Once upon a time, dear children, long, long ago in the days of the big chill, Manfred (voice of Ray Romano), a woolly mammoth, and Sid (voice of John Leguizamo), a lazy sloth, are migrating south when they befriend an abandoned baby. Soon, Diego (voice of Denis Leary), a sinister, sabre-toothed tiger, arrives on the scene, and…
This smart and sassy animated adventure creates four adorably quirky characters and a delightful story about survival and friendship as they make a perilous journey to safety. It may have been sub-zero 20,000 years ago but, here, the tone is warm-hearted and spiced with lots of thrills and spills.
Directed by Chris Wedge and Carlos Saldanha (also the maker of Rio 2) in 2002, this is mammoth entertainment. Wedge also provides the voice of Scrat, the sabre-toothed squirrel, who is always having troubles with collecting his beloved acorns.
It was hugely popular, taking $383million worldwide, and four sequels have followed by 2016, Ice Age: The Meltdown (2006), Ice Age: Dawn of the Dinosaurs (2009) and Ice Age: Continental Drift (2012), which was the first without Saldanha, and Ice Age: Collision Course (2016). The second and third films were even more successful, taking $655 million and $886 million respectively worldwide.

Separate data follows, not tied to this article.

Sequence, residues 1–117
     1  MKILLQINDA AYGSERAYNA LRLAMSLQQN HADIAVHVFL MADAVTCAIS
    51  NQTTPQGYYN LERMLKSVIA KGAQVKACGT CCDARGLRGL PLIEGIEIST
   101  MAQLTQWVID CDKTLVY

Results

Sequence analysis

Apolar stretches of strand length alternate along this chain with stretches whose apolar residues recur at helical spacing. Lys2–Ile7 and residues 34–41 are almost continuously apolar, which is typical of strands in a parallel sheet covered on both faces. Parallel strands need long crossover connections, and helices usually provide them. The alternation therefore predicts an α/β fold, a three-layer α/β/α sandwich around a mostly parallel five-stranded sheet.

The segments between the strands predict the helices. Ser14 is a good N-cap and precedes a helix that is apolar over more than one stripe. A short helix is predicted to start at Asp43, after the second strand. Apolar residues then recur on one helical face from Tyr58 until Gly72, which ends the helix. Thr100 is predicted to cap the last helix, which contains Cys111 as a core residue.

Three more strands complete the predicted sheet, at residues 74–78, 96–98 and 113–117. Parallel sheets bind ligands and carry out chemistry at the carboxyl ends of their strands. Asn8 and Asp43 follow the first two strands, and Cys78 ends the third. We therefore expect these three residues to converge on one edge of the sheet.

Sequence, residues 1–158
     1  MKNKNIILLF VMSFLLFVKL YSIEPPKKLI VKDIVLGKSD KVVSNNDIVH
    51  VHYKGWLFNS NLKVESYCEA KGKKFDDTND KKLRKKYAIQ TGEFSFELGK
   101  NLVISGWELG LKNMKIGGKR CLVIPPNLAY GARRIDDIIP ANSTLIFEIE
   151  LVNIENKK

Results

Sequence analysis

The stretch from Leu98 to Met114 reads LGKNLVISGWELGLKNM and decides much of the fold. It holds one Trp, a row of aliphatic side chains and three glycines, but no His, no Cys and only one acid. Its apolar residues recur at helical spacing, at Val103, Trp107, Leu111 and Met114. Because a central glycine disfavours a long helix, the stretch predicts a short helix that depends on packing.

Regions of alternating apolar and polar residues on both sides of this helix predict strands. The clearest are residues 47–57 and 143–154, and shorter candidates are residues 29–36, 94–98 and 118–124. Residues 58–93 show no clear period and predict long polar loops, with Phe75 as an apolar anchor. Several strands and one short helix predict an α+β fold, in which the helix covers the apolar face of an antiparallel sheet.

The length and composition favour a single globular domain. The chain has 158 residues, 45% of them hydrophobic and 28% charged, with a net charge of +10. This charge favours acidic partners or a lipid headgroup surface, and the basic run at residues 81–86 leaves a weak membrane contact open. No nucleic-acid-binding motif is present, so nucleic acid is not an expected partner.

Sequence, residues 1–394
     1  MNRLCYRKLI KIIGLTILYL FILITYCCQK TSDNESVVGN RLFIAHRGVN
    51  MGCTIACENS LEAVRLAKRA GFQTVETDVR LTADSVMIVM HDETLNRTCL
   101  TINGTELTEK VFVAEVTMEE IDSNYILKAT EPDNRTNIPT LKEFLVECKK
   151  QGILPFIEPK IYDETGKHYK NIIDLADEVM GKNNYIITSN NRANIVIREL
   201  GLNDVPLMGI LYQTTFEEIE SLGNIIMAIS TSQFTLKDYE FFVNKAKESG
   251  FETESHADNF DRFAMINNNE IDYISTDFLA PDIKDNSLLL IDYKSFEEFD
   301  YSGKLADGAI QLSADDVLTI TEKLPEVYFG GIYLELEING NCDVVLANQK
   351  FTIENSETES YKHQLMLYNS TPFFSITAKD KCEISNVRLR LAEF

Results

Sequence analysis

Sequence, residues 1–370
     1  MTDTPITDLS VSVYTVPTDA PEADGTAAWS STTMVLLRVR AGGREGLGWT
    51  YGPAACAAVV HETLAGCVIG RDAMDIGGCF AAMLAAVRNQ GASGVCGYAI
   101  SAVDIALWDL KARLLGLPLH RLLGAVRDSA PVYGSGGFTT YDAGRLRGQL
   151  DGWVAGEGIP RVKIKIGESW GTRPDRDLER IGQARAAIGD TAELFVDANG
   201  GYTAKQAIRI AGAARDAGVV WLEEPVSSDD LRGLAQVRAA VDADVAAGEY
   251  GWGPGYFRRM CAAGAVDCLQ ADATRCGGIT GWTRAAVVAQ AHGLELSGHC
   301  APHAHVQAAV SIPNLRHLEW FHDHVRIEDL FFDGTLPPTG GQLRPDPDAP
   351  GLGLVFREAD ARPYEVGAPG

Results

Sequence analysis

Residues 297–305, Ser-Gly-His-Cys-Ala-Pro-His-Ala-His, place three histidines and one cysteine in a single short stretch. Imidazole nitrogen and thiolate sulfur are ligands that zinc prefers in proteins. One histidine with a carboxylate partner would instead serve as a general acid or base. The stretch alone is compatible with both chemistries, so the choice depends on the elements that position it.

Leguizamo said of a fifth instalment: “It sounds like they’re working on something. So hopefully the answer is yes but I cannot say for sure.’ On December 20 2013, 20th Century Fox scheduled the film Ice Age: Collision Course for release on July 15 2016.
The first four films, produced by Blue Sky Studios, a division of 20th Century Fox, on a total budget of $324 million, have grossed over $2.8 billion worldwide, making Ice Age the 11th highest-grossing franchise of all time, and the second highest-grossing animated franchise worldwide behind Shrek. Each film was the highest-grossing animated film of its release year and among the eight highest-grossing films of the film’s year.
© Derek Winnert 2014 Classic Film Review 1050 derekwinnert.com